Low rates blamed as Co-op Bank axes 200 jobs

Low rates blamed as Co-op Bank axes 200 jobs


The troubled Co-operative Bank has announced plans to axe 200 jobs, blaming the prolonged low interest rate environment.

It comes as the policy of low rates faces criticism and on the day that Bank of England independence has been called into question by former shadow chancellor Ed Balls.

The bank said a large number of those affected were in management and head office roles, primarily in Manchester and Stockport, which are being "simplified and streamlined".

The lender, which employs more than 4,000 people across the UK, has been struggling to recover since its near-collapse in 2013.

Workers were spoken to about the changes on Thursday.

The bank said it was carrying out the cuts "as it seeks to reduce operating costs given the impact of a prolonged lower for longer interest rate environment".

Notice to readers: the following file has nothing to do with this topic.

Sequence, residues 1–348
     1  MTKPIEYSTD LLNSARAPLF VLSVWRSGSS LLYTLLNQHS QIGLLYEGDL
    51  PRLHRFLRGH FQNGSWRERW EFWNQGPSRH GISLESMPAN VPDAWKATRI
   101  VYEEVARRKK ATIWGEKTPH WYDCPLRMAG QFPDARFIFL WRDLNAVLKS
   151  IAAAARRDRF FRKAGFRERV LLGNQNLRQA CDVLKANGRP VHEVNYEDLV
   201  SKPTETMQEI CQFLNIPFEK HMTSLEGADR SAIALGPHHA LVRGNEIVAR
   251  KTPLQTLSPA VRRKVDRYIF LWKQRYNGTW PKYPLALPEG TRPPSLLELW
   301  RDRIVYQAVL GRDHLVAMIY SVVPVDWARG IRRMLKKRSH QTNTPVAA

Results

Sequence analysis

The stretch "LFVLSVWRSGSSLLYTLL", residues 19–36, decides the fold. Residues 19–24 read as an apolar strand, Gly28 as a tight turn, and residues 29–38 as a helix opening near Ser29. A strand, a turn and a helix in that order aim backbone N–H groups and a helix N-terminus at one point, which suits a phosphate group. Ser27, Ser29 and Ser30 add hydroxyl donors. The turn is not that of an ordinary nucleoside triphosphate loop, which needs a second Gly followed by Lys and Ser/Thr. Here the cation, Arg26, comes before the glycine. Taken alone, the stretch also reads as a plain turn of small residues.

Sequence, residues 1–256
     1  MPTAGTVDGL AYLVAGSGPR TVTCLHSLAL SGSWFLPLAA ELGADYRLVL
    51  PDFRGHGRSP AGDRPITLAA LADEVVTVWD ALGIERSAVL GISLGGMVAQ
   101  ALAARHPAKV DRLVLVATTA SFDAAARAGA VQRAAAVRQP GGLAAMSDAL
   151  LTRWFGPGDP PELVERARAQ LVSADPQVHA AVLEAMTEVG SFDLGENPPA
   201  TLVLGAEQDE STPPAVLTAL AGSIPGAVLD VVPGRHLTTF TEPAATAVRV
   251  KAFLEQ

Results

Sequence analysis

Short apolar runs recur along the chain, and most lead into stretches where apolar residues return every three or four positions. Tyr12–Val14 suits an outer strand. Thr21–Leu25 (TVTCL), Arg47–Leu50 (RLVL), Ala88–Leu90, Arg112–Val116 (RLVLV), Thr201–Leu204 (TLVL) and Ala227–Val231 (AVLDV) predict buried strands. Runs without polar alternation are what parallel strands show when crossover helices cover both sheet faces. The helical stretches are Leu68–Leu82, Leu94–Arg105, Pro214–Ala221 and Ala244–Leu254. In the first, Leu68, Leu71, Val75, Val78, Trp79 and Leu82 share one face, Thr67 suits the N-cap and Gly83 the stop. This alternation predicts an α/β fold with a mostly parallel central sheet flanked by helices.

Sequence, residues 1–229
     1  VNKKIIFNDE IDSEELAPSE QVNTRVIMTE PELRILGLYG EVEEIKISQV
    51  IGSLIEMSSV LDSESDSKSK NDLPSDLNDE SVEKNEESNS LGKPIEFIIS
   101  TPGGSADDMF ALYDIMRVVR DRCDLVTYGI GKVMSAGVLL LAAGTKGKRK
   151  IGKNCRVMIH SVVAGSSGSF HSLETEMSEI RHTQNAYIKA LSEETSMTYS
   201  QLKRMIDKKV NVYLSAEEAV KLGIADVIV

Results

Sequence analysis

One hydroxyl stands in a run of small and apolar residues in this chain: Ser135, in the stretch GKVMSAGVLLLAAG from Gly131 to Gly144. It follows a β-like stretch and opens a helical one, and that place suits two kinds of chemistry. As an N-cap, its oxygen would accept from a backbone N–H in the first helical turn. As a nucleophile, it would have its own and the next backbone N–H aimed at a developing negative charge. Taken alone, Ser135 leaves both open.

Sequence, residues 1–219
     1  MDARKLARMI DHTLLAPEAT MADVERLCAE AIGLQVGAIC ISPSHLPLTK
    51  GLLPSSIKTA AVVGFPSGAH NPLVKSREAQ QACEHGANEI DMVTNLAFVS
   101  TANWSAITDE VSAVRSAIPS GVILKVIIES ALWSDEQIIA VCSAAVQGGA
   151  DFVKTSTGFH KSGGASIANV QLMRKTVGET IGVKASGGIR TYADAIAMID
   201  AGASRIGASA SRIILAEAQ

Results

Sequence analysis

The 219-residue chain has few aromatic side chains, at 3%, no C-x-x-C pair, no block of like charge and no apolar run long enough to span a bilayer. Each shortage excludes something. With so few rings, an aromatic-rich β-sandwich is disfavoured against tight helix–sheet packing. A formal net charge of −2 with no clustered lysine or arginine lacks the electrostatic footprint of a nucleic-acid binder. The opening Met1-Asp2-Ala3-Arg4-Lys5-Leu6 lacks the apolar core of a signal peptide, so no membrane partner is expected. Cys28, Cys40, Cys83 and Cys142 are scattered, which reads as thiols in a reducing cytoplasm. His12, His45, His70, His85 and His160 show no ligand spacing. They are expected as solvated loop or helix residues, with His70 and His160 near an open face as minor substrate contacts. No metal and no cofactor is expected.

Low rates make it more difficult for lenders to make money on loans.

Rates were slashed to 0.5% by the Bank of England in 2009 and fell to a new record low of 0.25% in the summer as the Bank sought to cushion the economy from the effect of the Brexit vote.

Co-operative Bank deputy chief executive Liam Coleman said: "Decisions such as these are never easy, but these cost reductions are critical to progressing our turnaround and delivering a cost base which supports a sustainable core bank.

"We have made progress in turning the bank around since 2013 but have always been clear that the Bank's recovery is a difficult journey."

The bank has said before that it expects to remain loss-making this year and next.

Its announcement comes as Mr Balls called for the Bank of England and other central banks to "sacrifice some political independence" as power was "hugely concentrated" in their hands.

Prime Minister Theresa May has drawn attention to the harm done to savers by low rates.

Bank of England governor Mark Carney has sought to fight off interference, and earlier this week accused politicians who criticise central banks of a "massive blame deflection exercise" against central banks.



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